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‘Suited for’ vs. ‘suited to’ in English

by Jakub Marian

Tip: Did you know that “iron” is pronounced as “I earn”, not as “I Ron”? Learn more about the most common pronunci­ation mistakes in English (PDF version).

Note: This article is based on my detailed book about the most common mistakes in English (PDF version).

It’s hard to make a mistake in this case as both “suited for” and “suited to” are correct (and the same applies to “ill-suited” and “well-suited”). Some native speakers feel there is a subtle difference in meaning, but for most the expressions are equivalent:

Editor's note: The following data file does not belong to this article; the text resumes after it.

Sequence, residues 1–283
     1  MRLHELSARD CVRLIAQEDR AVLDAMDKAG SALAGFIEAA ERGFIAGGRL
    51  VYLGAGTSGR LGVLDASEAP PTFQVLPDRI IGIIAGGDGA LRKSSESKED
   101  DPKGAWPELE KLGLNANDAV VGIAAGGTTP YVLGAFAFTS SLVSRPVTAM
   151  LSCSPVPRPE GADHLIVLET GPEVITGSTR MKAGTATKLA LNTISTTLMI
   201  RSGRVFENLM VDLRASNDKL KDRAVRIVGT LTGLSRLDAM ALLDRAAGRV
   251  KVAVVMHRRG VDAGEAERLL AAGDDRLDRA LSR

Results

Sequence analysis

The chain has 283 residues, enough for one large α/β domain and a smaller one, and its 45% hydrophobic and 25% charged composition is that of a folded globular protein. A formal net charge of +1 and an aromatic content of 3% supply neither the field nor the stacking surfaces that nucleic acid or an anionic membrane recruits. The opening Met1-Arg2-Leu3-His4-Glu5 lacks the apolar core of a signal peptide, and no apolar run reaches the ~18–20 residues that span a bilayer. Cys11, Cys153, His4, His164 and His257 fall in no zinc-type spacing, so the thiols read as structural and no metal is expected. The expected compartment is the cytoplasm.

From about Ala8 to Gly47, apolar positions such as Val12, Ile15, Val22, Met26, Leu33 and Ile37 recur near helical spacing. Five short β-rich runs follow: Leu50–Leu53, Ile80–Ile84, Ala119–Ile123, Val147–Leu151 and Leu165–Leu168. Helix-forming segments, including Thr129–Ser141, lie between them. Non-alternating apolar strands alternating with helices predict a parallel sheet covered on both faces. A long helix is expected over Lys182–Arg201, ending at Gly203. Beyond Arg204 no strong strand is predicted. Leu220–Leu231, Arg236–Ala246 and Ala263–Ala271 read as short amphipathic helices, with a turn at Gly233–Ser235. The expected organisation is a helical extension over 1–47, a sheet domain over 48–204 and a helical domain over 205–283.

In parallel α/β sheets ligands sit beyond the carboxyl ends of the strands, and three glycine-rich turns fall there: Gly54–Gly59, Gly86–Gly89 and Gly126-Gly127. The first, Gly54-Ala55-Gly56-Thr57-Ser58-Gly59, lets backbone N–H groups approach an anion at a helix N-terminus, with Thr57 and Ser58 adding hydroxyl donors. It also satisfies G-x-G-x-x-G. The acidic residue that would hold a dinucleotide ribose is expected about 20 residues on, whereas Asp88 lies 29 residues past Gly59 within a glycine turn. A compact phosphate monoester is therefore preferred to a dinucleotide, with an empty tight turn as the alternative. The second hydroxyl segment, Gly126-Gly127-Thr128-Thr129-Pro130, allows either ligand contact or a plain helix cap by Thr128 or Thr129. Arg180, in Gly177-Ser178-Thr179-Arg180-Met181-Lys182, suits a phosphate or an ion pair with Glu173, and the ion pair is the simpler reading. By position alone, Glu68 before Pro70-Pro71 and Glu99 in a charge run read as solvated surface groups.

She is well suited for the job. (correct)
She is well suited to the job. (correct)

As for the hyphen, “well-suited” and “ill-suited” are used when they modify nouns, “well suited” and “ill suited” when “something is well/ill suited”, for example:

It’s such a well-suited car. (correct)
It’s such a well suited car. (wrong)

It is also quite widespread to say “well-suited to do something”, but it is usually more elegant to just leave the verb out:

This computer is well suited to the task. (correct)
This computer is well suited to do the task. (awkward)

This article was based on my book about the most common mistakes in English. There is also a PDF version – why don’t you check it out?

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